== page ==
Yelena Prusakova was an illustrator at Fat Pencil Studio from 2013-2017.
The iconic skeletal structure of a steel building is normally concealed when construction is completed. I've made an animation of a mock steel building construction sequence to highlight the significance of different building elements. It begins with columns and beams that are further stabilized with joists and decking to form a frame. A non-load bearing curtain wall hangs on these bones. Gypsum sheathing, and a water resistant barrier such as Tyvek seal off the interior. A rainscreen turns back most rain and wind, while allowing airflow behind the assembly so that the wall assembly will dry out after a storm.
Below are some 3d diagrams I developed to illustrate standard steel details. I used two different graphic methods: slide highlights and a single-image section-cut with callouts.
After this recent study of steel construction, I was primed to appreciate the Seattle Public Library, designed by Rem Koolhaas, which has a serious steel curtain wall! I read a little bit about this building having seen it for the first time this past weekend. Illustrator David Badders does a good job of visually describing its use of space, engineering and facilities.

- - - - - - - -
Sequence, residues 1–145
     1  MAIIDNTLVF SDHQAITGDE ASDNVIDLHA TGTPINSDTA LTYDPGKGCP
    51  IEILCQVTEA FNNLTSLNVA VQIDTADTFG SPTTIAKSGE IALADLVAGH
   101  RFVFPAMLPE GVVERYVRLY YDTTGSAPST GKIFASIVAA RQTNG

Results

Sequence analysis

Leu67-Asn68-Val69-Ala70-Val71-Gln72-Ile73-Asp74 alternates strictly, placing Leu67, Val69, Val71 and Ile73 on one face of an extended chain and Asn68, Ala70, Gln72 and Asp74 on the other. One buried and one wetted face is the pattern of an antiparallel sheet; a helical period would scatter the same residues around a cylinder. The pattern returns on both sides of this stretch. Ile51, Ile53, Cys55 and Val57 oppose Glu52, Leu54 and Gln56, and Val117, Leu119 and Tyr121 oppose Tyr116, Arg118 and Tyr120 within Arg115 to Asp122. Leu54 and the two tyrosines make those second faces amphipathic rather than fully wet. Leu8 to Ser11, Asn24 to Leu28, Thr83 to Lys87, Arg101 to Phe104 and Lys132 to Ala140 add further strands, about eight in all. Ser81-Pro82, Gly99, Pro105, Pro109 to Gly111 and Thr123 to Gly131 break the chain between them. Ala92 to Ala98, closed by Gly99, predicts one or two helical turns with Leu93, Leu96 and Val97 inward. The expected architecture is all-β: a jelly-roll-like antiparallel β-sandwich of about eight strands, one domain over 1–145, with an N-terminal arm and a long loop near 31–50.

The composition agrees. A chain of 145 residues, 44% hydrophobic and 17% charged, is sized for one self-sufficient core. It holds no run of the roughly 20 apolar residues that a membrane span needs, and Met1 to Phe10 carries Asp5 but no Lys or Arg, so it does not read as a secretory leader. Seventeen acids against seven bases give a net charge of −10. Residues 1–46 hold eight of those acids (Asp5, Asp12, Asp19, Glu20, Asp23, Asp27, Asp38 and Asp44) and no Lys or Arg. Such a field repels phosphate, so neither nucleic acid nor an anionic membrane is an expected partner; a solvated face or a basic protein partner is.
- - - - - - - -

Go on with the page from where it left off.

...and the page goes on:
Although the walls' diamond shapes are consistently modular, their junctions form hundreds of unique corners. Ongoing collaboration between the architect and German manufacturer ensured that no stone was left unturned in this process—particularly in the area of weatherproofing. Later, Hoffman Construction laser scanned the building at the end of each day to make sure things were aligned and "squared" away. (See picture below of aluminum mounted on steel).
A few blocks away is the Rainier Tower, designed by Minoru Yamasaki who is also credited with New York City's World Trade Center. By contrast the Rainier Tower has load-bearing walls, which allow it to have a tapered concrete base while still being rated for seismic activity (whoa!).